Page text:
Do you trust your boss?

A recent Employee Outlook Survey by the CIPD (you can see the full report at says that only 33% of employees trust their senior managers.

They tend to like their immediate boss, or at least 61% of them do.

It seems the crux of the problem is that employees don’t really feel that they’re being consulted about big decisions… but isn’t this what senior bosses are supposed to do? Make the big decisions, that is.

You see, even though they tend to be liked I think first and second level management tend to get things a bit wrong when it comes to communications with both their teams and their bosses.

Here’s why…

If you think about it sharp end, coal face, shop floor workers (whatever label you want to give them) tend to communicate with their immediate bosses in a way that works. The boss takes on board what the employee is saying and deals with it or explains why it hasn’t been dealt with. But the boss doesn’t pass even the high level trends that they’re having to deal with up the line because they don’t want to be the bearer of bad news.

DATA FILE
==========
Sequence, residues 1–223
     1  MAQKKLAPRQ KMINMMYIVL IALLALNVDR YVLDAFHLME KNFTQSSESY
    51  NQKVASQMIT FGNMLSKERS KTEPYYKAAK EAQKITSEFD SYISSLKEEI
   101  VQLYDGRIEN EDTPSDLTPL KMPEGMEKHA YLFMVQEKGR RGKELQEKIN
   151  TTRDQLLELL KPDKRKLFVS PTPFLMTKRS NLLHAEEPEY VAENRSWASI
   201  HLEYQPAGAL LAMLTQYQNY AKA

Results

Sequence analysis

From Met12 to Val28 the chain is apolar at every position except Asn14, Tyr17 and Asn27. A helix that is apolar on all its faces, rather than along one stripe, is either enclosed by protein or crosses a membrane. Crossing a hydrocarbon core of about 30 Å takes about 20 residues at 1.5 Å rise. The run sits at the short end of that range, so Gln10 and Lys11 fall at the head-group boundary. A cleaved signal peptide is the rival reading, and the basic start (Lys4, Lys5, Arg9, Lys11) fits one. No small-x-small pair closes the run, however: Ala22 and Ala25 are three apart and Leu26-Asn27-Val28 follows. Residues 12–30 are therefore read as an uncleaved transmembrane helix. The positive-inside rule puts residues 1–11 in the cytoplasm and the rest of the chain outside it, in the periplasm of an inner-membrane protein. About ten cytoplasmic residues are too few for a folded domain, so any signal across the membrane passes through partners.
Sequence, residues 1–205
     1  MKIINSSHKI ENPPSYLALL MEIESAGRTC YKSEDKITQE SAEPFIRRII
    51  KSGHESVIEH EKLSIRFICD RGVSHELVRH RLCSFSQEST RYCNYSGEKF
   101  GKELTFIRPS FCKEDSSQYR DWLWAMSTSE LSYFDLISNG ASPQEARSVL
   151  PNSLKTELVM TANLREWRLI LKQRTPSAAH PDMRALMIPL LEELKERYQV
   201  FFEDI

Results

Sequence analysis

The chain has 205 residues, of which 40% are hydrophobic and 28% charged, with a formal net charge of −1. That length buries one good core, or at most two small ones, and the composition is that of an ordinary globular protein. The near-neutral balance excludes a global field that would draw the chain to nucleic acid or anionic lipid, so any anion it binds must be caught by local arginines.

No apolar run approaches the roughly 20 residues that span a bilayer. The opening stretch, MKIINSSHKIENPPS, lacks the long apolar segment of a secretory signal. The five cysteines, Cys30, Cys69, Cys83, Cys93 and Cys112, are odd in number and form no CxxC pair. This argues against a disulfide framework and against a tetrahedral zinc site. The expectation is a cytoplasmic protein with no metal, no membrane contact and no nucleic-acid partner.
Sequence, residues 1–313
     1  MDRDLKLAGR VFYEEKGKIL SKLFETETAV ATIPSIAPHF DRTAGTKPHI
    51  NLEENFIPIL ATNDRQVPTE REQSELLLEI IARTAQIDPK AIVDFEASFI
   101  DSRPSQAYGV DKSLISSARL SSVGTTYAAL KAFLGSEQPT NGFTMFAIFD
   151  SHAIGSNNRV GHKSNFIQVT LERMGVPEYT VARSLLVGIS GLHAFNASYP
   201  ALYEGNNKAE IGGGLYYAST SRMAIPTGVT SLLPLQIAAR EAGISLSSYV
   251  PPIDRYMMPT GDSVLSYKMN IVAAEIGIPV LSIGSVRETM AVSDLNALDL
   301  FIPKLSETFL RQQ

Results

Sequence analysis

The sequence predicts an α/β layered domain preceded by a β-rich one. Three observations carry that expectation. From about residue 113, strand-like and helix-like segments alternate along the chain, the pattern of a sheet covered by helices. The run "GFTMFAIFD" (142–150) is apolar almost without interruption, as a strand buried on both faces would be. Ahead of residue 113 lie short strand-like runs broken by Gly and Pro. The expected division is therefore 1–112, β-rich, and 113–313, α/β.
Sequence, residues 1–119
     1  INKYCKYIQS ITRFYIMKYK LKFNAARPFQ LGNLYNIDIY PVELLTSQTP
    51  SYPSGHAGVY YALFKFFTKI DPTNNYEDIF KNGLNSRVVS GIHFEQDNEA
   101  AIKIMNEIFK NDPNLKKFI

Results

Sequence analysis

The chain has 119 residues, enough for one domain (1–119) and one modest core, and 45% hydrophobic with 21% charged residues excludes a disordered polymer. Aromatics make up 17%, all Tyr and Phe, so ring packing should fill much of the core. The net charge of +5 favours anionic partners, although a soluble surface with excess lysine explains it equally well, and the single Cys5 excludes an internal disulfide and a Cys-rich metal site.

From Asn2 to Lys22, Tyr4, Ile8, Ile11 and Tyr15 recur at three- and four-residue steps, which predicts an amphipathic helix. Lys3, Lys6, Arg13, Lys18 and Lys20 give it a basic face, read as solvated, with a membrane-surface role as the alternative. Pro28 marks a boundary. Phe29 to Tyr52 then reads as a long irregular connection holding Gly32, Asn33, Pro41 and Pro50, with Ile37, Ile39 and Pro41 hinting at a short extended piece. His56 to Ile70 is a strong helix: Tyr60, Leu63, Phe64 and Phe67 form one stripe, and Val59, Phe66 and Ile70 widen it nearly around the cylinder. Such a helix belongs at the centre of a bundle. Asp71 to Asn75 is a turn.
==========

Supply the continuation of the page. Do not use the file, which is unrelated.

By the same token information coming down the line, especially if it’s bad news (or indeed, requests for information from senior management) tend to get swallowed up and dealt with at the first and second level of management because knowledge is power.

We call this level of management the soggy sponge because information flowing into it from either direction can get absorbed and lost.

This has the effect of making senior managers look remote and the first and second levels look like the good guys.

In fact, as I looked at this closer I began to see that the organisations that were really good at communicating quite often by-passed the soggy sponge by have things like ‘back to shop floor days’ and ‘employee forums’ and ‘meet the boss days’ and so on.

The final point I want to make about this is that most commercial organisations, at least, are a meritocracy and we mustn’t forget that the senior bosses are there because they’ve shown some aptitude (unless they are a banker) and they should be left to do the job they are supposed to do.

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